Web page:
Low-fidelity prototype

Click here to see the low-fidelity prototype in action.

The user flow shows links to the Main Menu, Home, New Quote, History, and Alerts.

Usability study: findings

We conducted two separate usability studies. The first one to test the first mockups and the second one to find more insights on the prototype iteration.

Round 1 findings

Round 2 findings

  1. Users want an easier flow to create a new quote.
  2. Users need better cues to understand forms and next steps.
  3. Users need better cues on the “plus” button (bottom menu). 
  1. Users want slower success messages after quote creation/payment.
  2. Users need simpler & more accurate button’s text when creating a quote.
  3. Users want to see a calendar view when picking a date on the form.

Refining the design

  • Mockups

  • High-fidelity prototype

  • Accessibility

Mockups

Before usability study

lo-fi app sample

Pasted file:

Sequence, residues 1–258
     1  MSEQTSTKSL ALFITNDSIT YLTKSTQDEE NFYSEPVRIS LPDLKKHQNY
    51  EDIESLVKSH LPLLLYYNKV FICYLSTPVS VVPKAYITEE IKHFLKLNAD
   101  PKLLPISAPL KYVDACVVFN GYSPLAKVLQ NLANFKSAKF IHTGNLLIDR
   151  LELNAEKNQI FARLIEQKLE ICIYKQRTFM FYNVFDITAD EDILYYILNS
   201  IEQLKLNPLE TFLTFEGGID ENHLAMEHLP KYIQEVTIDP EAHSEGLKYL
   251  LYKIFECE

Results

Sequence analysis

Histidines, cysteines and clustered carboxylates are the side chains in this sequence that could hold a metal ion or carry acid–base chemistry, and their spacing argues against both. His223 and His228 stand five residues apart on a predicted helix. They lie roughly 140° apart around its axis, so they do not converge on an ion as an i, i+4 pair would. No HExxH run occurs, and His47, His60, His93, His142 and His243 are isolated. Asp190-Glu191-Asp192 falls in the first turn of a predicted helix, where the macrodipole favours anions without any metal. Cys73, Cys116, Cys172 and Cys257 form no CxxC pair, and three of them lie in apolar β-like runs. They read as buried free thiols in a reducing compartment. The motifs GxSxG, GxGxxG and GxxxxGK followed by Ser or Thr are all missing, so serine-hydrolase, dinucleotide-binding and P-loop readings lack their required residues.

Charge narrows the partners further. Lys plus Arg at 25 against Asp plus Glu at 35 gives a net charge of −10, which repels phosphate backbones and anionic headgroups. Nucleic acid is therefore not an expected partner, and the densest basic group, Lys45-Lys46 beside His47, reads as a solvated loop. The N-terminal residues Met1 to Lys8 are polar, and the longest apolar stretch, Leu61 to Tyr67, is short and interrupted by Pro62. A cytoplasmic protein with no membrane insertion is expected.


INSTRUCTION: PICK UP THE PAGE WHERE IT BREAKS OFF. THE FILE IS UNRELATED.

After usability study

app screen mockup prototype

The option to use a New or Default shipping address was incorporated on the quote form with a drop-down field.

Mockups – userflow

app mockup design
app mockup userflow
checkout process mockup
hi fi prototype screen

High-fidelity prototype

Click here to see the high-fidelity prototype in action.

figma app prototyping

Accessibility considerations

1

The size of icons, such as the main functionality buttons are made for easy access for users with visibility limitations.

2

The inclusion of an “Accessibility” button on the bottom menu is thought for users with various limitations (sight, audition, focus, etc.).

3

The combination of text & icons, and good contrast on different areas of the app improve accessibility and general good design practices.

Takeaways

Impact

The design of this app takes into account the most recent user experience & accessibility guidelines. The app flow has been simplified considering inclusion of all users.

“I like it! It’s very, very easy!” ~ User B

What was learned

The importance of design inclusion is not only a trend. It can really help the overall UX process for everyone… it’s just good design!